As heavily armed tactical officers massed outside his North Baltimore home Saturday night, MacArthur streamed his hours-long telephone conversation with police negotiator Lt. Jason Yerg live over the Internet.
It’s unclear how many people listened in, but the five-hour standoff nevertheless marked an apparently unprecedented development in the interaction of social media, digital technology and law enforcement, who are still adjusting to a world in which their actions are constantly photographed, videotaped and debated online.
By broadcasting the negotiation, MacArthur made public a sensitive conversation between police and a suspect, turning Yerg into an unwilling guest on a live talk show before peacefully surrendering in time for Saturday night’s 11 p.m. news broadcasts.
MacArthur was ordered held without bail on the probation violation. Authorities said Monday they were contemplating further charges related to the standoff and a sawed-off shotgun they said was in his house. Meanwhile, authorities have just begun to sort through the implications of usually secret talks streaming live — and whether that posed a danger to the police or made it more difficult to negotiate a surrender.
Police say Yerg didn’t alter his tactics even as his every utterance could be heard across the Internet, though they also concede that the negotiations were prolonged as commanders tried to avoid using force.
“This will go right into the training scenario,” said Elbert Shirey, a retired Baltimore deputy police commissioner and former commander of the tactical unit. “They will discuss this in classrooms and go through everything to try and determine how everybody reacted.”
Situations in which suspects take to digital media during fast-moving situations are not unprecedented. This fall in Pittsburgh, a man who took a hostage in an office building posted about his ordeal on Facebook until police cut off his access, fearing it was interfering with their negotiations. But such measures are becoming increasingly difficult.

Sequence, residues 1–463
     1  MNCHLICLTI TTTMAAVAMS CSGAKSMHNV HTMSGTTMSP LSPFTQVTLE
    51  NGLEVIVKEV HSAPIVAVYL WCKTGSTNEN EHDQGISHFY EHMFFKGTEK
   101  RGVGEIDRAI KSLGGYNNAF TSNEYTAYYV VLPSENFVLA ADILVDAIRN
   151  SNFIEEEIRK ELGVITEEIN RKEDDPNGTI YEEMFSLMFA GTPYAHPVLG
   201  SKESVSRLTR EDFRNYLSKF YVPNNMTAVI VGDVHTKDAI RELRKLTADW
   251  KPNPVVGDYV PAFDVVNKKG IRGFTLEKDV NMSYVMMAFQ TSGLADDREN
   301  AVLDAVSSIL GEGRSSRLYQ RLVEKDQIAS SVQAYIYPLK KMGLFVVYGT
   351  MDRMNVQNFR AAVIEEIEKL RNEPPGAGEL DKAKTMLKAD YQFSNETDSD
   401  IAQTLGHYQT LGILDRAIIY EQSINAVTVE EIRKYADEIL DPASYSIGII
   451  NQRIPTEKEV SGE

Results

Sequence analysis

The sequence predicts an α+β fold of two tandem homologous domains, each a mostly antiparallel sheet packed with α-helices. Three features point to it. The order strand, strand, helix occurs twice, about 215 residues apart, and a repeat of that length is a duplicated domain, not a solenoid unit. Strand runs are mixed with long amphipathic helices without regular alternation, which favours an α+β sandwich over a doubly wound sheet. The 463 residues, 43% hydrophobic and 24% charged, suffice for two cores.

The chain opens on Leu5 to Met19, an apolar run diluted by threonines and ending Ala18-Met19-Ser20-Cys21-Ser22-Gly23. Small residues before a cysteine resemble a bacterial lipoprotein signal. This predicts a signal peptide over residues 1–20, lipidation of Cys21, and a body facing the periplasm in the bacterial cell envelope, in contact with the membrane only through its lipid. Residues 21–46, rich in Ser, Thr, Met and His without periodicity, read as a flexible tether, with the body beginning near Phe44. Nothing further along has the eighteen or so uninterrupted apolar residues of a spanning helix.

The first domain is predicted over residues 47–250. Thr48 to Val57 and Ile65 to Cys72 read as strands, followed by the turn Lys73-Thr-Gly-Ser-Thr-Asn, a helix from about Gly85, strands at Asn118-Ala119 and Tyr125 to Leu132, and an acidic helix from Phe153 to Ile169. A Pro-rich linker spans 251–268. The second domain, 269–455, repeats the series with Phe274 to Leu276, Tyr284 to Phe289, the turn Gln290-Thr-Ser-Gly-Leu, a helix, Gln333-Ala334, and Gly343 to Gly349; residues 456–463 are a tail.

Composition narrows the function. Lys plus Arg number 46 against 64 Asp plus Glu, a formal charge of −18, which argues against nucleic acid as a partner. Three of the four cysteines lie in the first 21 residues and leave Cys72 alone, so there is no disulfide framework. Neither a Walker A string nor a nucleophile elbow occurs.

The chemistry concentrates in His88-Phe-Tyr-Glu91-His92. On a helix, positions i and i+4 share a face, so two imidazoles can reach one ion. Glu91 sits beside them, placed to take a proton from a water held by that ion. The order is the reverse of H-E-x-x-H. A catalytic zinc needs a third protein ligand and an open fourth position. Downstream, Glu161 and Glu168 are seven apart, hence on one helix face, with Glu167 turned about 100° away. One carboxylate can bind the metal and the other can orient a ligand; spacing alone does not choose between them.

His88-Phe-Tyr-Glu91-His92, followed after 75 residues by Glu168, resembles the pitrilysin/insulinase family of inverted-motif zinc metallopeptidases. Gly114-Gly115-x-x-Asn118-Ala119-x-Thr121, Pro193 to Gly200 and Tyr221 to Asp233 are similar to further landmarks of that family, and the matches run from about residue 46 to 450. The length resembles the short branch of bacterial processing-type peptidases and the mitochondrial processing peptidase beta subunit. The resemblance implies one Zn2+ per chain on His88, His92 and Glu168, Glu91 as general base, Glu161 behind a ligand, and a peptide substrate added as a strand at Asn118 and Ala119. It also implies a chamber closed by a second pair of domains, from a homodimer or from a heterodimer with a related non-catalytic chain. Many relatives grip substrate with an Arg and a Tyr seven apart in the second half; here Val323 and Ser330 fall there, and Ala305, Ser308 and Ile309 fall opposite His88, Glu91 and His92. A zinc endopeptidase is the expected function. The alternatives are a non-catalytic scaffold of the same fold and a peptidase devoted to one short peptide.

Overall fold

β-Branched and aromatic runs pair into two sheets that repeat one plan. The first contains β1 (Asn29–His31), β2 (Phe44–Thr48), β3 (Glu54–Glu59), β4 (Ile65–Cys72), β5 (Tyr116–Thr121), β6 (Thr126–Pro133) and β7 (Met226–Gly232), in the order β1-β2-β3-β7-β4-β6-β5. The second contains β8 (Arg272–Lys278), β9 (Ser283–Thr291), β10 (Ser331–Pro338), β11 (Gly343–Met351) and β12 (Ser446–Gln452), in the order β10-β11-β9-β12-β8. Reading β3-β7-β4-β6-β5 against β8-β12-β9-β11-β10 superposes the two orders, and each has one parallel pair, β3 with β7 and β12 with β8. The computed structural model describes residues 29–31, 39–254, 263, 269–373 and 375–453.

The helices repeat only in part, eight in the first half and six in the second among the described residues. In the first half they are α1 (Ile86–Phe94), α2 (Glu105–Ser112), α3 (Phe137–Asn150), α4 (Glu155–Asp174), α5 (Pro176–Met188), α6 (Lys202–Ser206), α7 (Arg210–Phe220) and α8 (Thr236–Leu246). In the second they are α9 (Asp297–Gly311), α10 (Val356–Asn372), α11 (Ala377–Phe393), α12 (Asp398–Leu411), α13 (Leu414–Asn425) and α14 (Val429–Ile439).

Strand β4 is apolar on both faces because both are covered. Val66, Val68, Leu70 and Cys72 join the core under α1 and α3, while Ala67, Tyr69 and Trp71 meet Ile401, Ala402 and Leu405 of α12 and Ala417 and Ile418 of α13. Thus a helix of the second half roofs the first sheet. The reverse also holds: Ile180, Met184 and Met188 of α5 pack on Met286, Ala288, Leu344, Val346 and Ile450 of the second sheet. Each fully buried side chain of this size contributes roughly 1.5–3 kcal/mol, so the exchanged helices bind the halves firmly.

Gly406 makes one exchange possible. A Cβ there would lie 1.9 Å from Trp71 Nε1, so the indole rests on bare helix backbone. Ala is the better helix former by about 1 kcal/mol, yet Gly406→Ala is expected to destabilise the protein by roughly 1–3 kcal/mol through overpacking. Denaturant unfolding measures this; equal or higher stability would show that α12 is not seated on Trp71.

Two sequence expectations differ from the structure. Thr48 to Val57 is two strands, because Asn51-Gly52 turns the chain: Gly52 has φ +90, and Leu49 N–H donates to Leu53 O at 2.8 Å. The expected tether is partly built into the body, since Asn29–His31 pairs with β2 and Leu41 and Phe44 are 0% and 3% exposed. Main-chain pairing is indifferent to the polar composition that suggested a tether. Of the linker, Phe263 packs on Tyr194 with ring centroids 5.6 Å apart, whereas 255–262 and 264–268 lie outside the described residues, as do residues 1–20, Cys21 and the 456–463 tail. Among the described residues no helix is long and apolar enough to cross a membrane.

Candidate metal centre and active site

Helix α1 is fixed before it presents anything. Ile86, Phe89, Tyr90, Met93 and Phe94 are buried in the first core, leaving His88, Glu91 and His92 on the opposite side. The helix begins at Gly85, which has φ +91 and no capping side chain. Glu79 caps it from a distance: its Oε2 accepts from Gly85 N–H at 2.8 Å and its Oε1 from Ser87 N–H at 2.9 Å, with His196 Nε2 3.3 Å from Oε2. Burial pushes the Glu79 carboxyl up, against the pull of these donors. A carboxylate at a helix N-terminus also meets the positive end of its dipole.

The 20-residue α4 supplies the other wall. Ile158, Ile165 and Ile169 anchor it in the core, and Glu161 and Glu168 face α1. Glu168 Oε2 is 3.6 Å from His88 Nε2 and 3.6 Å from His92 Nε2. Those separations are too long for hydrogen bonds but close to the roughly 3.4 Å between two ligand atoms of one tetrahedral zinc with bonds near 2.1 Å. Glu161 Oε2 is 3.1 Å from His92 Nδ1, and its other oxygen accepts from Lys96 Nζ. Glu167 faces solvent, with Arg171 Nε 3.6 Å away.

“Every individual around the country is now an instant broadcast station,” said Robert J. Louden, a retired commander of the New York Police Department’s tactical division and a criminal justice professor at Georgian Court University in New Jersey.
Former Baltimore Police Commissioner Frederick H. Bealefeld III said that what MacArthur did can distract both police and the suspect, and invites outsiders to intervene in the discussions.
“It takes away from creating a real connection and having a real dialogue with the person,” Bealefeld said. “And all sorts of well-meaning people could interject themselves. It’s fascinating to the people at home who have this sense of voyeurism, but it’s also a significant hurdle for law enforcement.”
With his tall frame and flowing dreadlocks, MacArthur stood out at police news conferences around Baltimore. He frequently sped to crime scenes, then taunted reporters who weren’t there on Twitter.
He claimed to have police sources, and while postings on his “Baltimore Spectator” blog were often incorrect, he also has included details that indicate someone in the know was feeding him scoops. He knew in advance, for example, the date and time of the police department’s secret plans to raid Occupy Baltimore.
A few years ago, when MacArthur had a radio talk show on WOLB-AM, he invited Bealefeld to appear. But MacArthur also exhibited a deep suspicion of police, who he claimed were after him. Police were similarly wary of his tactics, concerned that he was more activist than journalist.
MacArthur was given probation before judgment on a 2009 gun possession charge, but state prison officials said he failed to show up to meetings with his probation agent, who charged him in June with violating the terms of his release. Officials say MacArthur then failed to show up for a court hearing, and a judge issued a warrant for his arrest.
MacArthur told Yerg during the negotiations that he had heard a rumor about the warrant and saw it in a public online database. But he also said he checked with his police sources, and said he grew nervous when they could not find it. He said he intended to turn himself in, calling the warrant “a tripwire” meant to silence him.
Before his negotiations with Yerg, he had threatened police on Twitter. “Try to tread on me,” one post read. “See what happens. See who’s right and who’s wrong. See who knows how to fight.”
“Anyone trying to capture me, ur gonna have to kill me, before I kill you,” he wrote in another. ”
As police neared his home, MacArthur tweeted: “Poor guy I take out might have a family.”
Baltimore police said those threats led them to send the tactical team to his home. MacArthur said that was evidence of police unnecessarily targeting him, telling Yerg during their conversation that “as a taxpayer, I’m offended” at the resources sent to apprehend him.
MacArthur told Yerg that he didn’t want to surrender because he couldn’t trust the police.
“We live in a dangerous town, where your department can’t even solve half the murders that take place,” he told the lieutenant. “People like me wouldn’t take on a marshal mindset if you guys did more to make us feel safer. . . . We feel we’re out here on on our own, lieutenant. ”
Yerg responded, “We’re here because we genuinely want to help the citizens of Baltimore. We want to solve every crime that occurs. . . . That being said, we’re here today . . . ”
“To take me down,” MacArthur interrupted.
Yerg said, “We want you to come out. ”